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Linen Persephone sailor trousers

sewing

I haven’t sewn as much as I thought I might during lockdown — partly because I’ve been busier with work than I expected — but what I have sewn has been a joy and something to be savoured. This weekend I finished making a second pair of Persephone Sailor Pants, this time using some lovely linen mix fabric from Clothspot.

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Portrait of a Lady on Fire

mumblings

I look at you and see
My life that might have been
Your face just ghostly in the smoke
They’re setting fire to the cornfields
As you’re taking me home
The smell of burning fields
Will now mean you and here

[…]

Ooh, the thrill and the hurting
The thrill and the hurting
I know that this will never be mine

[…]

I want you as the dream
Not the reality

— ‘Never Be Mine’ by Kate Bush

Great works of art (of all kinds) have a tendency to make you think, and to encourage your mind to make connections which you might not have thought about before. Yesterday I watched Portrait of a Lady on Fire and absolutely loved it. I can’t stop thinking about it and it has made all sorts of interesting links in my mind.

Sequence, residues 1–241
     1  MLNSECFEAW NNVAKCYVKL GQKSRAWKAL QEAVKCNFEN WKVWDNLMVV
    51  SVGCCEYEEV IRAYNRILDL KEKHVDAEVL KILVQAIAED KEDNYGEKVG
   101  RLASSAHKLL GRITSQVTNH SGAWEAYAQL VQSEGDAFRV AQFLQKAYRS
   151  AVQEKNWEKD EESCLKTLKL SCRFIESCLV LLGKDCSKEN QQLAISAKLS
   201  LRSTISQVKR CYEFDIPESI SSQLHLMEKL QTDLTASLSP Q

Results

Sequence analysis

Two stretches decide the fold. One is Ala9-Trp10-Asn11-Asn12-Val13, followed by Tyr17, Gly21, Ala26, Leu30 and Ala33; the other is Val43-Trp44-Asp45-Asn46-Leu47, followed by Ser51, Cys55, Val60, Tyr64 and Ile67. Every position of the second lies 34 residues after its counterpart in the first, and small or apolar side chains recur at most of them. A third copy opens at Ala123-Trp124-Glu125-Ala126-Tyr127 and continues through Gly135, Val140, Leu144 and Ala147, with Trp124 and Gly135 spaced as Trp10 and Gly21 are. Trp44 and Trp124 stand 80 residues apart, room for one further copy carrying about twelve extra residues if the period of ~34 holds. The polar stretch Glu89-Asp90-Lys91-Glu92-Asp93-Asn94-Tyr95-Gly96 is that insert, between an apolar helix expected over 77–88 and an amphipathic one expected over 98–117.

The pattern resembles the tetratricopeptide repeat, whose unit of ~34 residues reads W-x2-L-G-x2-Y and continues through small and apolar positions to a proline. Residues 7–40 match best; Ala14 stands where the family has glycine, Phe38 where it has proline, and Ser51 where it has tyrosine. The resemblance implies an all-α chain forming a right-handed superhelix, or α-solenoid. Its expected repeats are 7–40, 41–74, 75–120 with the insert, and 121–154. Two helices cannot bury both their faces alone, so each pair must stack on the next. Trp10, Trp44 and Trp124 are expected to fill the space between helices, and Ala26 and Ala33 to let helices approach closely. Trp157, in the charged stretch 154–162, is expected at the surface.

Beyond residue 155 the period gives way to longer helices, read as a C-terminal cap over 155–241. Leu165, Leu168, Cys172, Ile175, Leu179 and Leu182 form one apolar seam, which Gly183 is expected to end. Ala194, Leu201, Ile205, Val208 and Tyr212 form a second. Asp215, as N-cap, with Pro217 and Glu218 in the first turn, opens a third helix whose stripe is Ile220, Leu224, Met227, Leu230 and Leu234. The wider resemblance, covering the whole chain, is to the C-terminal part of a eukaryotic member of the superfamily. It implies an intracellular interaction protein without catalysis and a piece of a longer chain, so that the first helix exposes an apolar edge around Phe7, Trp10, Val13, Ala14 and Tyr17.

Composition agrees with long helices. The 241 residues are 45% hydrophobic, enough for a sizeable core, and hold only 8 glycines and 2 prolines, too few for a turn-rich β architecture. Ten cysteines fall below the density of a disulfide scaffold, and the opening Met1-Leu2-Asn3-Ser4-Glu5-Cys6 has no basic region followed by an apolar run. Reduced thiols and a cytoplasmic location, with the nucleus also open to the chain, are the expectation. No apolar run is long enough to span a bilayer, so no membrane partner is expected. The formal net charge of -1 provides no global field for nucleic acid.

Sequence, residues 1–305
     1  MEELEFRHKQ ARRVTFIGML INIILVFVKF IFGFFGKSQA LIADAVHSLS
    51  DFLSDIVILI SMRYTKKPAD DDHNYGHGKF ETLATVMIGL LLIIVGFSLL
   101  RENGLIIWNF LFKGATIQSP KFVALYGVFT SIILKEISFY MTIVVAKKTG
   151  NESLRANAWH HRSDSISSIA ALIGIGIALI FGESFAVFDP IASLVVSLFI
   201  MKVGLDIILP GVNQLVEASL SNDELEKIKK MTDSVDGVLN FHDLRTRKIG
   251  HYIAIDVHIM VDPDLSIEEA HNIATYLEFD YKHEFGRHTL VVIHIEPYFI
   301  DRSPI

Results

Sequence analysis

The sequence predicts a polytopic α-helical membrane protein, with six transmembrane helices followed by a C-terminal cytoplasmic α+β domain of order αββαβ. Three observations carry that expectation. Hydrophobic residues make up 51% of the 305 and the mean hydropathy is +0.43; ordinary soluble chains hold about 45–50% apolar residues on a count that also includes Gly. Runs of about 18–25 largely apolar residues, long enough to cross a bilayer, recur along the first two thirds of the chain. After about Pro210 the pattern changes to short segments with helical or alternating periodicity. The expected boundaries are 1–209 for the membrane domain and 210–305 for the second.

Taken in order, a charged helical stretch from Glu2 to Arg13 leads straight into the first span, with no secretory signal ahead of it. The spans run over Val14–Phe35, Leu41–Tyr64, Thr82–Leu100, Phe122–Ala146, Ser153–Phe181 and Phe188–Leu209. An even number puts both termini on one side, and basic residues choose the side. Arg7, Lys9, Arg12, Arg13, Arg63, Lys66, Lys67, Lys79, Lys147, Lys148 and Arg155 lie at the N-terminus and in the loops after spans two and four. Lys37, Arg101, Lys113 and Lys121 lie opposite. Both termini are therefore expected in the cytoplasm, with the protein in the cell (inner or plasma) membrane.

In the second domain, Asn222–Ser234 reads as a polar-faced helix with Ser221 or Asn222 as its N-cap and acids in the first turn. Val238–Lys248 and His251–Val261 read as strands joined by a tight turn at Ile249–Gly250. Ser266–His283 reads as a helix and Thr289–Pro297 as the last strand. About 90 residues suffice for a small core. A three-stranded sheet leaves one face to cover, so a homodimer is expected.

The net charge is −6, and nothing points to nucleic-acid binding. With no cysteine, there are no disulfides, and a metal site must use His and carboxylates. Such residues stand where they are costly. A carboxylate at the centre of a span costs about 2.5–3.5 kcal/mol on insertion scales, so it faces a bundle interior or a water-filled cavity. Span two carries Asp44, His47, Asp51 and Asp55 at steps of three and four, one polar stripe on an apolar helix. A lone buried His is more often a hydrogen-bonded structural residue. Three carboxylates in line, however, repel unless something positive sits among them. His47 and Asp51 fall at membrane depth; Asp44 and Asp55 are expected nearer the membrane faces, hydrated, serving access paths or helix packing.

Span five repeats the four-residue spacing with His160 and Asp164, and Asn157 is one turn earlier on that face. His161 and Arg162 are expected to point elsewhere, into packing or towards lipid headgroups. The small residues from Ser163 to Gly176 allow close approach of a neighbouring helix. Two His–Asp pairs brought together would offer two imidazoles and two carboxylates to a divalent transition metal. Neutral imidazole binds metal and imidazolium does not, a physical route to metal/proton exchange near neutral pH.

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Re-mapping my keyboard and re-wiring my brain

geekery

I don’t really know what I was thinking. It’s just that sometimes I get an idea in my head and I run with it. I’m pretty sure that it is going to be a good thing (or a very good thing) in the long run, but it has challenged my poor old brain a good deal, I can tell you.

It started when I got one of the regular newsletters from ErgoDox, the makers of my keyboard. They were featuring a ‘layout of the month’ produced by Graeme Geldenhuys which used the BEAKL15 keyboard layout. I was intrigued. Typing has felt much more comfortable since I got the ErgoDox, but there’s still plenty of room for improvement as QWERTY still involves awkward reaches and an unbalanced workload between the hands. Since I could just download and tweak Graeme’s layout to try it, there was no reason not to, and so it began.